I am sending this to Preeti of W'Rite Food for My Legume Love Affair #38, the legume event founded by Susan of The Well Seasoned Cook.

Previously on Green Gourmet Giraffe:
This time last year: SOS Chickpea, lemon and mint soup
This time two years ago: WHB Broccoli – brassica royalty
This time three years ago: WTSIM ... Beer Bread
This time four years ago: My beautiful pea green soup

Potage St Germain (Split pea soup)
Adapted from Wayfaring Chocolate
serves 6-8

2 cups green split peas (400g)
1 litre water
1 tbsp olive oil
1 small brown onion
1 large leek
1 parsnip
1 medium potato
1 clove garlic
3 stalks of celery
1.25 litres vegetable stock
500g frozen peas (I had a bit less)

Soak split peas in the water in a large bowl for at least 3 hours - overnight is fine.

Roughly chop vegetables.  Heat oil in stockpot and fry onion, leeks, parsnip, potato, celery and garlic, stirring frequently, until vegetables are softened.  About 5 to 10 minutes over low heat (I did mine a bit long as I got distracted and they stuck to the bottom of the saucepan).

Add undrained split peas and stock.  Check seasoning - it should be very well seasoned because once the frozen peas go in they will sweeten it slightly.  Bring to a boil, simmer uncovered, about 1 hour or until split peas are tender (skimming the surface and stirring occasionally).  Stir in frozen peas and gently simmer for about 10 minutes or until peas are tender.  Check seasoning.  A good grind of fresh black pepper is just the thing to finish off the soup.

Blend (and sieve if you want it ultra-smooth but I didn't and nor did Hannah).  Serve hot.

On the stereo:
Neil Diamond: the Greatest Hits 1966-1992

Tuesday 16 August 2011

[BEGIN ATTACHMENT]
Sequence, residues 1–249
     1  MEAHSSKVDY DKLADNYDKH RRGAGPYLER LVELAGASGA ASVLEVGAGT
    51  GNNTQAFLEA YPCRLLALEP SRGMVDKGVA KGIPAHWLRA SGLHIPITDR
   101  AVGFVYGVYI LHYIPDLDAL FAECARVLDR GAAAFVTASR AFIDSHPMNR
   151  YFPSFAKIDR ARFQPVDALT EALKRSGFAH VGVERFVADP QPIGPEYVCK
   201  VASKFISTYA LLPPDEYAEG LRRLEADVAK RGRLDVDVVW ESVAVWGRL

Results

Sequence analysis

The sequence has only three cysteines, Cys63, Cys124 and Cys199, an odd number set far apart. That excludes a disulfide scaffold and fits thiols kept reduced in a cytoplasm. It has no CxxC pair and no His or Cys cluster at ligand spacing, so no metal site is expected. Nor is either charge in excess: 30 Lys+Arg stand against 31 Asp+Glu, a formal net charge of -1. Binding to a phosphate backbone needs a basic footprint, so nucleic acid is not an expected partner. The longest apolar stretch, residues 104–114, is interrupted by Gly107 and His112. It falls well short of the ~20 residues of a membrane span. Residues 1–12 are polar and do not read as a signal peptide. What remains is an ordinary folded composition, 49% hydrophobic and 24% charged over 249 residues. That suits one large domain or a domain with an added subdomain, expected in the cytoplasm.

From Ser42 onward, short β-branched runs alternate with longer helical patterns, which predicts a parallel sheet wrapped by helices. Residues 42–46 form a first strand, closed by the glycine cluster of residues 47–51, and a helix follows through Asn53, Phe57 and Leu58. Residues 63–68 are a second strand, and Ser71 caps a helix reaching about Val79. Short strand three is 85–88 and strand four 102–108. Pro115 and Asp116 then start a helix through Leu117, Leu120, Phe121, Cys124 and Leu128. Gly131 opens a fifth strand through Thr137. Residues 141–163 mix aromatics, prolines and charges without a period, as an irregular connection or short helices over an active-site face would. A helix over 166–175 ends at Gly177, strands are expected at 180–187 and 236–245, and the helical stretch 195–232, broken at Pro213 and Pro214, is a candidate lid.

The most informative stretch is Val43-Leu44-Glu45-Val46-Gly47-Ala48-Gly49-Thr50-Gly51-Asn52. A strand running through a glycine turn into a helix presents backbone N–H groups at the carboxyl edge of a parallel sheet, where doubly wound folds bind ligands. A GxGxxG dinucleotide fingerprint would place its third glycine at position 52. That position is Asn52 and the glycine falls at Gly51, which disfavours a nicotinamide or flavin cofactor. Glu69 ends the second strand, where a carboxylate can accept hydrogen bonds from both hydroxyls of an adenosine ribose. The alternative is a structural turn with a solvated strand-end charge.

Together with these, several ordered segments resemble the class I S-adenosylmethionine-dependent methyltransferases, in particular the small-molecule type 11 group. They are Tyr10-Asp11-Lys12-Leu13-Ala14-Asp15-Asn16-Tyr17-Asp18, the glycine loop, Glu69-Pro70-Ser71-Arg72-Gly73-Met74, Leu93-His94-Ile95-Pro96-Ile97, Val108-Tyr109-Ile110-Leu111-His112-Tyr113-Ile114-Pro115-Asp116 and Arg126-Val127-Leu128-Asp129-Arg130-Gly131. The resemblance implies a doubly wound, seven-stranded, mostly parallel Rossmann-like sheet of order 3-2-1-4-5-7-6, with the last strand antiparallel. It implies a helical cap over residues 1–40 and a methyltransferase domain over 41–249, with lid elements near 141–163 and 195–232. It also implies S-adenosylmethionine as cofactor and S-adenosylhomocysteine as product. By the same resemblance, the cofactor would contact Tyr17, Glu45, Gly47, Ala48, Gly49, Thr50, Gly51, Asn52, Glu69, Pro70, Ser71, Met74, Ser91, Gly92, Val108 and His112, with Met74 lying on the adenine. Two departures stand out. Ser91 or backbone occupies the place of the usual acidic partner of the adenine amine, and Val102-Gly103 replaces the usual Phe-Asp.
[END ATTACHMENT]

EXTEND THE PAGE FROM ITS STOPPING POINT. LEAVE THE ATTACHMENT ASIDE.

Besan Vegetable Frittata and a week of eats

It has been a little bit Orange around here lately.  I can assure you that there I have been cooking up a storm since getting back from holidays.  Some has been great.  Not all.  I thought today that I would reflect on a week of meals and leave you with my version of my favourite meals last week - Yogi Kitchen's besan fritatta.

Here is the evening meals that we had last week:
  • Saturday - Carrot and bean salad with boiled buckwheat
  • Sunday - Carrot and bean salad with buckwheat tossed in Mum's middle eastern vegie stew
  • Monday - Bangers and mash
  • Tuesday - Mum's cumin and tomato vegie stew with rice and steamed broccoli
  • Wednesday - Pumpkin and tofu potstickers (dumplings) with fried rice
  • Thursday - Besan fritatta with broccoli and pink chia bread
  • Friday - Besan fritatta in a salad roll on turkish bread with steamed broccoli on the side
I am not sure I would claim this is a typical week.  We don't usually have so much of my mum's stews - though when we visit she often sends us away with leftovers.  Bangers and mash are our regular Monday meal that E makes.  I do try and have leftovers for busy days.  I also made other dishes that I will post about later - the potstickers (also inspired by Yogi Kitchen) and olive oil bread with chia seeds.

Breakfasts starred a lot of berry yoghurt with Carmen's gf deluxe fruit muesli and toast.  Lunches were lots of sandwiches and pears.  My worst lunch was a pie from a petrol station on a badly organised day and my favourite was carrot soup from Animal Orchestra in Carlton.

Above is the Bean and carrot salad which came from 101 Cookbooks.  I liked it but I didn't love it.  I made some changes.  I halved the sweetner (honey) which was a good thing.  I used too many sunflower seeds and I think walnuts would be better.  Most of all, I think it would be great to try the salad with fresh dill as Heidi did.  Also the buckwheat was too dry on its own with the salad but was great when it soaked up the tomato sauce of my mum's stew.

The other recipe that didn't quite work for me last week was a Beetroot brownie that I adapted from Kari's Bite Sized Thoughts.  I made quite a few changes and mine were more like cake.  They looked nothing like Kari's fudgy brownies.  I added some buckwheat flour and then read that it can dry out a baked good so I wondered if this was what happened.  I also added eggs and oil.  We all enjoyed it nevertheless.

The besan fritatta was something that seemed simple and straightforward for a night when I am tired after work.  Yet it took me longer than I thought it should.  Convincing Sylvia to eat dinner takes a lot of energy.  She often will not eat her broccoli until reminded, at which time she will nonchalantly stuff it in her mouth.  Last week all she wanted in her mouth was a toy dummy that I bought her in a packet of doll's accessories for dolly - it had everything including a potty!